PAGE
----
The debate rages on over whether or not to decriminalize the possession of small amounts of marijuana vs. an out and out legalization of the sale and use of recreational pot - along the lines of what is allowed in Colorado.

Either way, we seem to be heading toward the day when lighting up a “j” in public will not get you a visit to the police station.

I say “heading” because as long as our current Governor is in power, all of this is still a pipe dream. (Like how I went there?)

Along those lines, it will be interesting to see how the planned “smoke in” on the steps of the statehouse this coming Sunday by pot activist NJWeedman will be greeted by law enforcement.

Weedman, 0r Ed Forchion - as is his given name - will hold a march and rally this coming Sunday in support of the bill proposed by state senator Nick Scutari legalizing the sale and use of pot for recreational purposes.

Right now a fair number of New Jerseyans seem to be in favor of decriminalization – a move many county prosecutors favor – as it lessens their workload and avoids making criminals out folks whose only “vice” may be just wanting to smoke a joint.

According to this report from

The Rutgers-Eagleton poll of 731 registered voters found 66 percent said penalties for marijuana possession should be reduced, while 65 percent said penalties should be eliminated altogether for possession of small amounts of pot .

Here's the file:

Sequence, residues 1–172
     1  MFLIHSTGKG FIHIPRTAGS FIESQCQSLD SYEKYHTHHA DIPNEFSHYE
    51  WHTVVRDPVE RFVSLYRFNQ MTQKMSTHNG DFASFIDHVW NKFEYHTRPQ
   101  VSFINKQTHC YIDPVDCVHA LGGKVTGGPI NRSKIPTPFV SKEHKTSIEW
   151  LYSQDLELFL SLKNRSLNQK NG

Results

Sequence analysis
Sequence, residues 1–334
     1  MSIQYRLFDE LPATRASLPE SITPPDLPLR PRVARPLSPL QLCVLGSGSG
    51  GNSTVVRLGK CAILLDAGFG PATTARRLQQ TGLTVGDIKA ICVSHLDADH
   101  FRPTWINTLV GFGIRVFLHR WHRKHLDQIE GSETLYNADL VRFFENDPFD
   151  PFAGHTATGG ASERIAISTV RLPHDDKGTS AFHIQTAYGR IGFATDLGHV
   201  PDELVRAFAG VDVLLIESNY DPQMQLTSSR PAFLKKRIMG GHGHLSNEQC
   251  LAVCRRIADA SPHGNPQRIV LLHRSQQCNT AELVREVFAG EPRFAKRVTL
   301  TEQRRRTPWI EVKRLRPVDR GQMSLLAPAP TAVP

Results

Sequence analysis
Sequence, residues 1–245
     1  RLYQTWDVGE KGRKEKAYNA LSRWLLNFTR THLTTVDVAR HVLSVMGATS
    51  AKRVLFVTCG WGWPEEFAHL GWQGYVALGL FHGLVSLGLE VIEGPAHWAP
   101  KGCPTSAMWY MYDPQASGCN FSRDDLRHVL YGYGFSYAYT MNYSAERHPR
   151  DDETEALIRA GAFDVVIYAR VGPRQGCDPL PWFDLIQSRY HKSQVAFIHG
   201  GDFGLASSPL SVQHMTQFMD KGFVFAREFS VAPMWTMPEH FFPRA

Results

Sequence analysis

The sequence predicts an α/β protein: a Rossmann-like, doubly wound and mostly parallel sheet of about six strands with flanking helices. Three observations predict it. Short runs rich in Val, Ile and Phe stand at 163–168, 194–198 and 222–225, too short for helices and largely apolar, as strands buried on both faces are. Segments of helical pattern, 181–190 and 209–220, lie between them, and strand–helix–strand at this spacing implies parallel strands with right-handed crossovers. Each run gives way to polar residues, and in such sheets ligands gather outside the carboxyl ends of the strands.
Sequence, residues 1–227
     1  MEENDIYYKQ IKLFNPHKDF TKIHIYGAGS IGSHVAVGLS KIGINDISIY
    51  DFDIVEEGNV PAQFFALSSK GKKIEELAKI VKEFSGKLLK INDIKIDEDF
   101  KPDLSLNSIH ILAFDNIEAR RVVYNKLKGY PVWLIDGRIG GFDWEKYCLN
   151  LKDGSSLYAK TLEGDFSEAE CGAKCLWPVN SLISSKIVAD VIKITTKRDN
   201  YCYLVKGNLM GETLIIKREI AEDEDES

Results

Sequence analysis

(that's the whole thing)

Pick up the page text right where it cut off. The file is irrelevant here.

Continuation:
The question of legalizing the sale and use of pot, which was recently proposed in the Legislature, is more controversial. Voters were split on the question, with 49 percent in favor and 48 percent opposed.
What’s clear, according to the poll, is that New Jerseyans ' attitudes towards pot have softened since the 1970s.

“New Jersey voters reflect the national trend toward less severe attitudes about marijuana,” said David Redlawsk, director of the Rutgers-Eagleton Poll. “During the 1970s and into 1981, there was some movement on the issue, but little policy change, so we didn’t poll on it again for 30 years. When we finally asked again about marijuana in 2011, we saw signs of liberalization, a trend that has only accelerated since then.”

The poll showed Democrats and independents supported softer pot penalties more often than Republicans, even though 40 years ago members of both political parties showed little difference on the issue.

The poll also shows that generational gaps on the issue have narrowed. In the 1970s, younger adults favored loosening penalties for possession in much larger numbers than their older counterparts. Now, there’s virtually no difference.

Younger people are still more likely to support full legalization than older people, but the gap has narrowed by half.

Young people and baby boomers – those age 50 to 64 – were more likely to support full legalization than those 65 and older and those between the ages of 35 and 49.

“It is pretty clear that the changes we are seeing on marijuana attitudes are less about changing minds than about changing times,” said Redlawsk. “As younger cohorts became adults, they have simply had more liberal attitudes than the older voters they replaced.”

On the question of whether potential tax revenue is a good reason to support legalization, 54 percent of voters agreed, while 46 percent disagreed.

My only concern with the infusion of cash from the sale of legalized pot would be the tendency our legislature has to “piss” the money away on pet projects.

Is that a good enough reason not to legalize? Perhaps not, but I’d prefer taking baby steps in this regard and vote to decriminalize those in possession of small amounts of pot.

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